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Victim of St. Louis Ponzi Scheme Lawyer Loses at 8th Cir.

By Mark Wilson, Esq. on May 05, 2015 | Last updated on March 21, 2019

Want to prove legal malpractice in Missouri when it comes to international investments? According to the Eighth Circuit, you're going to need an expert witness for that.

Phil Rosemann sued Martin Sigillito for legal malpractice after Sigillito absconded with a large part of a $15.6 million dollar loan, ultimately leading to his conviction for wire fraud and money laundering.

That's Quite a Scheme

The Sigillito saga was "one of the biggest [P]onzi schemes to ever bef[a]ll St. Louis," reported the Riverfront Times in 2014. Sigillito -- once an Anglican priest as well as a lawyer -- conned about 100 investors out of $50 million. He's now serving 40 years in prison.

Rosemann hired Sigillito to help him invest the $15.6 million, which he suddenly possessed after he sold his shares in his family's company. Sigillito encouraged Rosemann to invest in a Turkish contracting company. Rosemann transferred all the money to him. Sigillito gave $5 million to the Turkish company, loaned $10.8 million to another person in England, and then kept portions of the money for himself.

The Turkish company went bankrupt in 2009, but -- contrary to Sigillito's representations -- Rosemann wasn't able to collect on what he was owed. Rosemann claimed he relied on assurances from Sigillito that the Turkish's companies' "NATO contracts" could be seized to repay the money, but of course, those don't exist.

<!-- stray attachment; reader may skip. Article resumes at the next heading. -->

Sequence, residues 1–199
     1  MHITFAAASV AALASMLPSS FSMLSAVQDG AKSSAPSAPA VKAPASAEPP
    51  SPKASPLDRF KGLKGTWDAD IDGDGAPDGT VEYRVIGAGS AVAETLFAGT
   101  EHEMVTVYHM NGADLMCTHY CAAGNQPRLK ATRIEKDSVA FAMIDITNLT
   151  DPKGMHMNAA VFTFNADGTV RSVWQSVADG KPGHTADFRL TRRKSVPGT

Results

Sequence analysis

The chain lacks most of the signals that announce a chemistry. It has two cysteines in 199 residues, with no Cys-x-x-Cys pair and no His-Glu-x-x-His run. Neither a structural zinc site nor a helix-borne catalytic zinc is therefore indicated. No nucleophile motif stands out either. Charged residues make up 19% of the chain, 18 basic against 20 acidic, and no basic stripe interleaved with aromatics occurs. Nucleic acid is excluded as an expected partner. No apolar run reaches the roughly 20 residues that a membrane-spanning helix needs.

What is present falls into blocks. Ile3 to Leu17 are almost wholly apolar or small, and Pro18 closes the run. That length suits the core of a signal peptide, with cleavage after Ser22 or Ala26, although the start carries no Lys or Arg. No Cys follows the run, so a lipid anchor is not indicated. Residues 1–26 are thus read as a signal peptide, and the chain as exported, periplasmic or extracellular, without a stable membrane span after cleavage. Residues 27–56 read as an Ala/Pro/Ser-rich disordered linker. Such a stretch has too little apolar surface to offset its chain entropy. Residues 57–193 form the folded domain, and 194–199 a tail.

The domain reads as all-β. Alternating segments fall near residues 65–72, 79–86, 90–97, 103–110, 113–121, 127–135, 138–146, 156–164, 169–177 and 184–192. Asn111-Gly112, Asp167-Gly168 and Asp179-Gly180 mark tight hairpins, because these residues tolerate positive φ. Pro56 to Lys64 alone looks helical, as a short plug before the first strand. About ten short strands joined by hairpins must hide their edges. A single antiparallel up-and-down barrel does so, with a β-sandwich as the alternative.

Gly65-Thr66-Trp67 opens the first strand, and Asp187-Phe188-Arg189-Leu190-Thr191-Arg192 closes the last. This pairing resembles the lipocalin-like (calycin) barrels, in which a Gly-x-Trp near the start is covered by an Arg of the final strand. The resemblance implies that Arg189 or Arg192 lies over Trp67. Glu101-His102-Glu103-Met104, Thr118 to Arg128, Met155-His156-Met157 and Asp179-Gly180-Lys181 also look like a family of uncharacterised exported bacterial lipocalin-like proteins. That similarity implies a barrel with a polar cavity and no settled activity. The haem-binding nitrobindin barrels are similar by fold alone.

An Expert Is Required

In Missouri, an expert is required to testify when a defendant allegedly breached a duty in matters of malpractice except where the malpractice is "clear and palpable."

You might think the case is pretty clear, but Rosemann doesn't make it so clear. He's not arguing on appeal that Sigillito was negligent for falsely telling him there were NATO contracts; rather, he claims Sigillito "negligently prepared the Promissory Note." This, the Eighth Circuit said, involves "somewhat arcane subjects to the ordinary juror" that merit an expert explaining "what an attorney, 'under the same or similar circumstances,' would have done and why Sigillito's actions were unacceptable."

There are exceptions for when a professional simply fails to follow instructions, but the court said that wasn't present here: At issue was whether Sigillito's actions fell below the actions of a reasonable attorney preparing a similar promissory note, and Rosemann needed to specify that an expert would testify to that.

It's unclear why Rosemann wouldn't allege negligence or some kind of fraud. At district court, he claimed Sigillito's assurances that he could get his money back through the non-existent NATO contracts induced him to invest. In any event, it's a win for Sigillito, even though he undoubtedly still has dozens of other investors out for blood.

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